Seeing your house, your block, your neighborhood and even nearly your whole city go under water would have to have some sort of effect on you right?  Well, come to find out its more than you know.  It’s been 10 years since Hurricane Katrina, where over 80% of New Orleans was under water, but the effects are still there.

In a study published by the journal, Nature, they named Hurricane Katrina, “a natural disaster, but a human catastrophe.” Depression and post-traumatic stress disorder (PTSD) has increased among Gulf Coast residents from 15% to 21%, reflecting the chaos that survivors coped with after loss and trying to meet necessary needs like food, water, housing, and health care.

In a separate study following 392 low-income parents, almost half of them were suffering from PTSD a year after the hurricane. The rate of parents suffering from psychosis, depression, and other serious mental conditions doubled from 7% to 14%.

People who lost loved ones and remained in New Orleans during the hurricane were most likely to be affected by PTSD symptoms, the researchers said.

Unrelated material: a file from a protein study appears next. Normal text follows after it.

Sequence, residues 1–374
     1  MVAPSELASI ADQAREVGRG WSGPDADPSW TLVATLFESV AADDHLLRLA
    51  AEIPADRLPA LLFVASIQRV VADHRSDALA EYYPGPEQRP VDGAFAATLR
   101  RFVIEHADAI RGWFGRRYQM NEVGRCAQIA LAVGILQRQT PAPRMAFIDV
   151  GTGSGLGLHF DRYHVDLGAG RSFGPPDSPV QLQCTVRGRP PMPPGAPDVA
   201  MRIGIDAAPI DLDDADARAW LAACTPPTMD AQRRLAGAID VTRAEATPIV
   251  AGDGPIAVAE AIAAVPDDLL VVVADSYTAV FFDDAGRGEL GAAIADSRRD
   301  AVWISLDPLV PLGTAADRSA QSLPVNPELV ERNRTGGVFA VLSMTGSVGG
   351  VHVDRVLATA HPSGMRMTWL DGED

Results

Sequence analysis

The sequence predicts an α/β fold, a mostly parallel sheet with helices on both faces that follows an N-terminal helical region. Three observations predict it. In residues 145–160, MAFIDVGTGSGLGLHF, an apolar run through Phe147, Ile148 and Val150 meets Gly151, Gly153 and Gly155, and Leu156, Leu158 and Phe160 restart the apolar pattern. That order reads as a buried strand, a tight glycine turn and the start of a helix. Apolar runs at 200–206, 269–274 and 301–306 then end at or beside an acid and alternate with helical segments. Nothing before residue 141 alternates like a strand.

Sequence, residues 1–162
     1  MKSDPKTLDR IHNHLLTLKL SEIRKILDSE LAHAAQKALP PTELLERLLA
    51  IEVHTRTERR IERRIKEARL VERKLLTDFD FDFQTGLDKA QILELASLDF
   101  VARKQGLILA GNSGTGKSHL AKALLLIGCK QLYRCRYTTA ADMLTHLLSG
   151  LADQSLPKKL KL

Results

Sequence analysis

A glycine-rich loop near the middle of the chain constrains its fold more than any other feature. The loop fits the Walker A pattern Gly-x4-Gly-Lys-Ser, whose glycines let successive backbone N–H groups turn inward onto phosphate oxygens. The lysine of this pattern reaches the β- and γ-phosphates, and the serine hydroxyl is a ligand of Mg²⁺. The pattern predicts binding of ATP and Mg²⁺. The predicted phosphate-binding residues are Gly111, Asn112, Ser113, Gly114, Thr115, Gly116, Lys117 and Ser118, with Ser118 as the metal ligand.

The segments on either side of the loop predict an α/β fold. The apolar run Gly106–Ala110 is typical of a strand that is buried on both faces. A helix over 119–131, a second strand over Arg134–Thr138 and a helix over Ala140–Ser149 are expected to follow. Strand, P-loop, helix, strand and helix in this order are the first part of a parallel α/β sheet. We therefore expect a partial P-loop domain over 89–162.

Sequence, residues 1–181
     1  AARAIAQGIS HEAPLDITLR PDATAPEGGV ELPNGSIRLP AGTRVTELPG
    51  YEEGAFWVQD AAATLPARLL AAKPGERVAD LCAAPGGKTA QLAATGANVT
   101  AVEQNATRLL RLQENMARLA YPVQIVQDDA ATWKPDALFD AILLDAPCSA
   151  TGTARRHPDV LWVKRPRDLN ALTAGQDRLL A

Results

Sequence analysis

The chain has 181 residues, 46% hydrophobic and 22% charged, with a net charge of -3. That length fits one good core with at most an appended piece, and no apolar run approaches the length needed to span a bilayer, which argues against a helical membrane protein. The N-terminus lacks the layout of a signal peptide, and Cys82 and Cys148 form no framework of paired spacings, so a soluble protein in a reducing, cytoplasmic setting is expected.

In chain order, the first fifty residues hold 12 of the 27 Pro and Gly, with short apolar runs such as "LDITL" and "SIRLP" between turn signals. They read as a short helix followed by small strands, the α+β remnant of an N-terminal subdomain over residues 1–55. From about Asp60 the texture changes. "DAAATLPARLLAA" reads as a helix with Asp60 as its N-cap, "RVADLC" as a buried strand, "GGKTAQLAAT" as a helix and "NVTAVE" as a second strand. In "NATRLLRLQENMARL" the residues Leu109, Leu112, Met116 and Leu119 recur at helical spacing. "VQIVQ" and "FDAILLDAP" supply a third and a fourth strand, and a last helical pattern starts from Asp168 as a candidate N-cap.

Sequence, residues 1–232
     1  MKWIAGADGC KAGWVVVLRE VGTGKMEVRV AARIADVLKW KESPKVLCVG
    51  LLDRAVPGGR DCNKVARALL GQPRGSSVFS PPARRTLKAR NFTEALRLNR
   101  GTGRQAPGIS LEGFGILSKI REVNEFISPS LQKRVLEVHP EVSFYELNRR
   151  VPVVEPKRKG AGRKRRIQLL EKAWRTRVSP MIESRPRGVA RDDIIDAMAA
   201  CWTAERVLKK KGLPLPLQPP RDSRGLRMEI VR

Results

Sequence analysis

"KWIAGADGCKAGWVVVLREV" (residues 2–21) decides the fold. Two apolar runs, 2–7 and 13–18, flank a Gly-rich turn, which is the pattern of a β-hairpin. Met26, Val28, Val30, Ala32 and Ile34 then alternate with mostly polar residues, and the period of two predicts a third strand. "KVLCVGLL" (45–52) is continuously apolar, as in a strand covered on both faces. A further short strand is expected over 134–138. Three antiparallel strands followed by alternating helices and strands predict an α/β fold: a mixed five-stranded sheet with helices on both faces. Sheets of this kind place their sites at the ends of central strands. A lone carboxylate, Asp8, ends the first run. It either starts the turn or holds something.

The scope and duration of this one mental health issue after Katrina shows that long-term, coordinated mental health response must be included in disaster relief, the researchers said.

“The incidence of PTSD in our population post-Katrina reported in this research study is noteworthy and worth following as recovery efforts move forward. The prevalence cited in this study is not alarming to those professionals caring for patients who have been traumatized by the storm and challenged by the recovery efforts,” Dr. Peter DeBlieux, director of emergency services at Louisiana State University in New Orleans, said in a prepared statement.

10 Years After Hurricane Katrina, PTSD Still On The Rise  was originally published on